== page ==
Bermudez teaches participants to start with the end goal in mind and work backward, focusing on steps that draw on their expertise and propel the task at hand, Pemberton notes. “Everyone in the room feels connected, feels supported and feels like their voices are heard. It’s one of Pete’s hallmarks.”

Bermudez’s training sessions typically begin with three days of participants working to pinpoint the cooperation stopgaps they face in their schools and choosing protocols that meet their needs. The goal is to “simulate the experience that we want them to create when they return to their workplaces,” Bermudez says. Several weeks later, a second training “capitalizes on their experiences and gives them a big push to grow and continue practicing the skills and using the tools they’ve learned.”

 

Where it matters

The success of Bermudez’s work with educators is most apparent – and most important – in the classroom. One educator who’s sold on Bermudez’s trainings is Cynthia Nambo, an instructional coach working with 11 Chicago-area public schools.

“Before Pete’s training, I would do ‘popcorn’ readings in the classroom,” Nambo says. “Students would read a sentence or paragraph, then I would editorialize everything as a teacher. I was doing the thinking and the kids were just listening to me.”

Today Nambo separates students into pairs or triads. She asks them to read and discuss the material then return to a full classroom discussion. The result: “It builds their confidence, refines their thinking and helps them speak more precisely about what they’ve read. It’s about helping them find clarity. Pete was phenomenal at helping me find that.”

For many veteran teachers, the Communities of Practice approach means a mental paradigm shift.

“A teacher really is a facilitator and it requires a change in mindset to realize that,” says Janet Padilla, manager of the Ford Partnership for Advanced Studies, which uses Bermudez’ training extensively. “Growing up, teachers were the ones who had all the answers.”

Today teachers use Bermudez’s methods to “transform what happens in the classroom,” Padilla notes. “Pete has an amazing passion for doing the right thing for the students.”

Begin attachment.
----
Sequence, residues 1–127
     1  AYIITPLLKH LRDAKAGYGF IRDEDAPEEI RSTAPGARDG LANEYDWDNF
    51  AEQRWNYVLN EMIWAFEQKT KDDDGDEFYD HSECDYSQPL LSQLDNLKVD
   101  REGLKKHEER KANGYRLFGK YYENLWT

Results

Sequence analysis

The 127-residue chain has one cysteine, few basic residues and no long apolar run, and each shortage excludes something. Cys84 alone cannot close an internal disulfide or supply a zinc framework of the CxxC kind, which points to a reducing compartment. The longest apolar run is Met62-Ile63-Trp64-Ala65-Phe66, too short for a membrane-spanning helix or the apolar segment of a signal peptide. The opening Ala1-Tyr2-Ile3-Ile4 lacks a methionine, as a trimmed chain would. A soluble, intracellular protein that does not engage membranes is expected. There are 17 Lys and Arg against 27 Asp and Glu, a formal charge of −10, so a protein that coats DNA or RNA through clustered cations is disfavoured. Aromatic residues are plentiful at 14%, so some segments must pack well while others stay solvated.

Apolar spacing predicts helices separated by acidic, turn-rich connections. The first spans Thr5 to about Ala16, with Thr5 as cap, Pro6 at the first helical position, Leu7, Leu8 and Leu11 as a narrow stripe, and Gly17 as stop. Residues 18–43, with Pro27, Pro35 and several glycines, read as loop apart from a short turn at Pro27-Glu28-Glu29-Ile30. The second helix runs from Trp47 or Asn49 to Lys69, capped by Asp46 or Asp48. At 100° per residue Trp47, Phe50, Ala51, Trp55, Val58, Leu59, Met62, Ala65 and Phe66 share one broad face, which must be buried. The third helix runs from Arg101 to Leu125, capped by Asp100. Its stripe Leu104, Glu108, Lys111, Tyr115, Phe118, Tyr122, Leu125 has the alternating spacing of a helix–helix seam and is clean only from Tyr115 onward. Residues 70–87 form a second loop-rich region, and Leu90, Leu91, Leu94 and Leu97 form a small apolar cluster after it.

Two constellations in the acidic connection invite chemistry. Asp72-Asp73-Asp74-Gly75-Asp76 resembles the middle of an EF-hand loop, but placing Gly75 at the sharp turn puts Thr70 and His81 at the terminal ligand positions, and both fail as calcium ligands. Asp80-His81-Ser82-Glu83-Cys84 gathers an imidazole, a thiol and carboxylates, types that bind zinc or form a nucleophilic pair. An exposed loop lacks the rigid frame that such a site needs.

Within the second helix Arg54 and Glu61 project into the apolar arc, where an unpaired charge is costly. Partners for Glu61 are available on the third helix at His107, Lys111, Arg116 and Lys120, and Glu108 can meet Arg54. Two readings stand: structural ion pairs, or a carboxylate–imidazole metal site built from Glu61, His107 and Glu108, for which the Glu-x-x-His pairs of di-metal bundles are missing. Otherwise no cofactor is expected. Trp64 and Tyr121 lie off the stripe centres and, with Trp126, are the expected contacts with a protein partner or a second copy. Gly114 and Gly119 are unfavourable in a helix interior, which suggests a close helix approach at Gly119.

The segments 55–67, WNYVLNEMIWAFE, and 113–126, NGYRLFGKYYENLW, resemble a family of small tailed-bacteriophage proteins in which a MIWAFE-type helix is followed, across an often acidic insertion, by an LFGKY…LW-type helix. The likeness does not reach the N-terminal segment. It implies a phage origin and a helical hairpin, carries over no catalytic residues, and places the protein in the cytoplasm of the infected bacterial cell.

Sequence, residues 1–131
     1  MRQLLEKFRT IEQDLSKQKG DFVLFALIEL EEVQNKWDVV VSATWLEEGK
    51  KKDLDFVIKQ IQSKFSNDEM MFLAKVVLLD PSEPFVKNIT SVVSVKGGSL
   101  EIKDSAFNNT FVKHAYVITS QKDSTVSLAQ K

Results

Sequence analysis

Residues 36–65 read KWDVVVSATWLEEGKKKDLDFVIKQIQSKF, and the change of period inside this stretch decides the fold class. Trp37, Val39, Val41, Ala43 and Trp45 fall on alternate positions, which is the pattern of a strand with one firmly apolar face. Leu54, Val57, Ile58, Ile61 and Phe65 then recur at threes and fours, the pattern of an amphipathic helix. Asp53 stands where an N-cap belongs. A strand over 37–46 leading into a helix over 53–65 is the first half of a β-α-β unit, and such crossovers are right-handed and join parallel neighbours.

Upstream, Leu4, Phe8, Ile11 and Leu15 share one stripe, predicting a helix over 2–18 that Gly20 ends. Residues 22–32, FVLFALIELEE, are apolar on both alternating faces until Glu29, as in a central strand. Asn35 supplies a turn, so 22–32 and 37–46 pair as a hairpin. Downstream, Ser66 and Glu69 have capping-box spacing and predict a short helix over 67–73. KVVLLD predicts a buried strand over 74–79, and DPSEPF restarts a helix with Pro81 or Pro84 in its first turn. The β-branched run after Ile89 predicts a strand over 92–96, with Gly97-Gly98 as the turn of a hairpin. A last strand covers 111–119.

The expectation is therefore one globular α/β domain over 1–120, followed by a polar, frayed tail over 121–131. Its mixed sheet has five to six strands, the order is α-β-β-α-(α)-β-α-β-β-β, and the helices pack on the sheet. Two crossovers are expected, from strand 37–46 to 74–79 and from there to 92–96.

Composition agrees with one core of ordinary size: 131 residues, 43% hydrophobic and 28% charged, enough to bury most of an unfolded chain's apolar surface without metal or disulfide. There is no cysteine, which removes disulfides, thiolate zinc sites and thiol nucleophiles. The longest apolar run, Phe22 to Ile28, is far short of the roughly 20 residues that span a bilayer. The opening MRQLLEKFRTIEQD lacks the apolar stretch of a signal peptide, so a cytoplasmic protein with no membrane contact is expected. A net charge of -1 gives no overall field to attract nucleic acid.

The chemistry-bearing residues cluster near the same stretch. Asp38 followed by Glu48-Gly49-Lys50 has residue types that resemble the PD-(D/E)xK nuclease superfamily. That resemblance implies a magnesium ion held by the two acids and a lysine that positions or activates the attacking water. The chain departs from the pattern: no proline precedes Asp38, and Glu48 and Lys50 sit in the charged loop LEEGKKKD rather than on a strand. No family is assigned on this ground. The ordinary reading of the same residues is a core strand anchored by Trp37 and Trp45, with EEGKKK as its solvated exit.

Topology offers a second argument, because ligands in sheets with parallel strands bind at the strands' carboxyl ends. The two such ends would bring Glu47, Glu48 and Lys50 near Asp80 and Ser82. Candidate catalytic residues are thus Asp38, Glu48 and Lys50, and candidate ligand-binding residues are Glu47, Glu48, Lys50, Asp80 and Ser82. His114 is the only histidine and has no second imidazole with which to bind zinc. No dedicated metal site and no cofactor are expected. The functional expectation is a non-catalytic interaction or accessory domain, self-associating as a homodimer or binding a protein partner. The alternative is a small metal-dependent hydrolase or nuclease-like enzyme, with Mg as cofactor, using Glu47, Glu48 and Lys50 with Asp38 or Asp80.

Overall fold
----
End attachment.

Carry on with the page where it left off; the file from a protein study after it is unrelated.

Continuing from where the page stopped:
That passion proves infectious in professional development and Communities of Practice workshops for educators. Padilla, who surveys participants after each workshop, says that Bermudez garners a 100 percent approval rate.

“Participants will say, ‘In my 30 years of education, this is the best experience I’ve ever had,’ ” she says. “We have so many of those stories.”

More proof is in the numbers, says Eric Williams, superintendent of Virginia’s York County School Division. After undergoing Bermudez’s training, the school system set multiple goals for student test scores and, using a series of protocols he suggested to structure the collaborative examination of student and teacher work, met or exceeded every single one, Williams says. One of those goals was to increase the number of students in the top quartile of the SATs. In 2008, 29 percent of York County students were in that top quartile. In 2009, that figure jumped to 31 percent, then to 35 percent in 2010. The achievement gap between African-American and white students has dropped from 17 percent to 9 percent in reading, 14 percent to 8 percent in math.

“Something he would always tell me was that whoever is in the room is supposed to be in the room,” Nambo says. “If I started to complain about someone in a meeting or group, he’d tell me, ‘Don’t complain. Each person here is here to challenge someone towards quality.’ He taught me to move through conflict, not around it. It’s in the conflict that we find the opportunities, where we find the gaps and learn how to bridge them.”

It all stems from Bermudez’s goal to work himself out of a job.

“My greatest success,” he says, “is when I see people that begin to take on the work and do it well when no one’s looking.”